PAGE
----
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Look all about you
as far as the eye can see,
how long has it been
since any rain has fallen
on this vast, drought ridden land?

Baked mounds of earth
cross hatched up and down,
cracks deep and wide
always brown, never green
aching for the smell of rain.

Dust is in the air
swirling gold and red
wherever we step,
blowing, scattering, shifting
with every breath of wind.

Call forth a rain dance
rend the heavens with prayers,
conjure up blackened clouds
and shout aloud to all who see
our pain and despair.
Australia is on its knees again
thirsting for life giving rain.

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this morning
my bedroom glows
with golden light –
tonight the moon
will paint it silver

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The sunrise was glorious this morning and I’m standing under a powder blue sky, speechless at the array of flowers spread before me. Dew still clings to their vibrant petals as they lift themselves toward the sun.

The plantings in my friend’s heritage garden first captured my attention. Based on an original design from the 1840s, masses of snapdragons, forget-me-nots, scarlet impatients and brown-eyed Susans are offset by tall stalks of hollyhocks and larkspur. Beds of roses and French lavender perfume the air. Several large Mock-orange shrubs, together with mature elms and towering oaks, define the height of its scale. But I’m not here only to gaze at this lovingly tended spread on the D’Entrecasteau Peninsula, in Tasmania’s Lower Snug. I’m here on a mission with my camera, ready to capture photos of these beauties in their early morning freshness.

Later I view and edit the morning’s work on my computer screen. To my surprise other visitors―nature’s miniature helpers―also appear within the plants to feast on their sweet nectar and gather pollen. One little ant descends along the stem of a passionfruit blossom, its tiny body resembling three gleaming black beads.

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Nearly hidden from sight in the cup of a pink lily, two small ladybugs nestle. The first buzzing sound of arriving bees became a roar as they swarmed over the face of each flower, busily gathering pollen for the return flight home.

It’s an absolute delight to peer down into this minuscule universe as one insect after another comes into view. Each group is uniquely different from all the others in this kingdom. And like the flowers each one is exquisitely made.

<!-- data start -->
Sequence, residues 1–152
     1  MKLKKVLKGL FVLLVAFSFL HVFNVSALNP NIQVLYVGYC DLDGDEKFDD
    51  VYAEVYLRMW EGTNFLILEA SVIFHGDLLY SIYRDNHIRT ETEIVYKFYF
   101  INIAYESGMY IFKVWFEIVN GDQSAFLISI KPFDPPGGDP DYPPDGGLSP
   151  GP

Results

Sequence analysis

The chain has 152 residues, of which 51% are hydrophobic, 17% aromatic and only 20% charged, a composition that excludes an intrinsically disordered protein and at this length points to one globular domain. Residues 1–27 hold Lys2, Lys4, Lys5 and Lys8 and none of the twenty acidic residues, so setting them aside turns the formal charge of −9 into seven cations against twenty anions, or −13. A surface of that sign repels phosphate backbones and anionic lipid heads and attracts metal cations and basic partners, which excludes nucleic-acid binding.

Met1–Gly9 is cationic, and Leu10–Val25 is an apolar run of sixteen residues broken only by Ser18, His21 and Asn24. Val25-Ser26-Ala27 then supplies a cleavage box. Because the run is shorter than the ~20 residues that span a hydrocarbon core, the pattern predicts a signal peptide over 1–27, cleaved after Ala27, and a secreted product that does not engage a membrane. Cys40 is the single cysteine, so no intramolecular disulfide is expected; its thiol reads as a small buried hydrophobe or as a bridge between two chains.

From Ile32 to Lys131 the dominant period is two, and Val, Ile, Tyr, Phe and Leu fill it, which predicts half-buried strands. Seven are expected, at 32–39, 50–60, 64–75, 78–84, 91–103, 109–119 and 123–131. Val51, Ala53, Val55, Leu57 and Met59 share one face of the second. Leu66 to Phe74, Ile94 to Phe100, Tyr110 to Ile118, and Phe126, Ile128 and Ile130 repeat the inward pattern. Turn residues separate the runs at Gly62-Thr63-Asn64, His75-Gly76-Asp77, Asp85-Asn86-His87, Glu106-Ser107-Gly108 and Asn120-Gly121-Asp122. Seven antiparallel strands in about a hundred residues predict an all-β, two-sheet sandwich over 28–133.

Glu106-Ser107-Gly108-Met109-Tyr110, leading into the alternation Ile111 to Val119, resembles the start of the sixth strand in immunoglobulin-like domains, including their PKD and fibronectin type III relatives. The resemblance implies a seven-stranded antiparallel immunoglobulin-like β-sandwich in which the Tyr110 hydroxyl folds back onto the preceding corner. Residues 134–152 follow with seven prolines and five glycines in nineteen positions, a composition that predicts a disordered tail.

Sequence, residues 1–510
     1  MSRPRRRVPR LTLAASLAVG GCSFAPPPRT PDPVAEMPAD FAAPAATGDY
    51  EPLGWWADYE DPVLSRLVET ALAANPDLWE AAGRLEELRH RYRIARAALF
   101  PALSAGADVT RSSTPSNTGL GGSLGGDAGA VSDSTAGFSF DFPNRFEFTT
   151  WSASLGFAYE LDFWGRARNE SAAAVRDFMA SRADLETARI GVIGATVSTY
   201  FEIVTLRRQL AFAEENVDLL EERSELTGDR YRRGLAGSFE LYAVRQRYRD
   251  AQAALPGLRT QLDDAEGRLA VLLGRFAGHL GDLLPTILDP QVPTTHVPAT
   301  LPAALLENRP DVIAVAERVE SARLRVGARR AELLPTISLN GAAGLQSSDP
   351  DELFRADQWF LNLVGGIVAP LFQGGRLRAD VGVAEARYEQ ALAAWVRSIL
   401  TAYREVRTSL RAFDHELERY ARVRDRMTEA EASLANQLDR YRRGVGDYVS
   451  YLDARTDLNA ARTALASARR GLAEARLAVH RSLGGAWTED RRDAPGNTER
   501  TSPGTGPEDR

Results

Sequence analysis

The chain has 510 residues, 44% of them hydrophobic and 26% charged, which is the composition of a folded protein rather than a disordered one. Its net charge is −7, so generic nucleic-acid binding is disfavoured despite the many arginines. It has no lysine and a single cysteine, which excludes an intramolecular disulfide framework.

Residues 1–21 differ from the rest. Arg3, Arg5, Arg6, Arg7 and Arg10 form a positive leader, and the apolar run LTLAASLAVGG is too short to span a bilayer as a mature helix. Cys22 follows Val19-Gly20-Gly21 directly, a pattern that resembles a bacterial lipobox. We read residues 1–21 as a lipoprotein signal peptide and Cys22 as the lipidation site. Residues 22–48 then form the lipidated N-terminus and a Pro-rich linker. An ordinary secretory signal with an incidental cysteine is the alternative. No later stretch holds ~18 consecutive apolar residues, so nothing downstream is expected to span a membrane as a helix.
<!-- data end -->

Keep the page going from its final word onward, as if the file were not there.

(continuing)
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My camera has captured them at work. These small creatures all labour tirelessly, displaying a total dedication to their purpose. They move so quickly―with feverish speed―pausing only to connect with one another by brushing their antennas or performing a dance.

Insects keep the environment clean by carrying away decaying plant material and dead insects. They propagate the plants that feed us while their spread of pollen maintains our rich biodiversity. To ensure their protection, insects are also masters of camouflage as their bodies provide food for larger birds and animals.

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There are many variations within these tiny creatures that are as interesting to observe as the beauty of the flowers that shelter and sustain them. I have grown to enjoy insects because they are so unusual. It’s fun to watch and study them in our world of living creations, both great and small.

 

 

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Today we have the opportunity to take beautiful digital photos and to add a text directly to the image. These two ingredients allow us to experiment with an early art form known as haiga. Traditionally haiga is a Japanese invention combining a sumi-e (inkbrush image) and a three line haiku or a five line tanka poem, hand-lettered on the same paper. The art lies in the subtle relationship between the two.

The painting, drawing or photo is not simply an illustration of the poem, nor is the poem a caption for the picture. Each element should stand alone – yet in juxtaposition, the two resonate to add a deeper and more complex meaning to the total work.

Drawings, paintings or photos may be presented with little or no adjustment, or they may be manipulated until the original is nearly unrecognizable. Photographs can be used as a starting point. The poem can be hand lettered, scanned, pasted to the image, or applied directly using the font capability of a software program.

Through haiga, the old and new are blended into a unique multimedia artistic experience.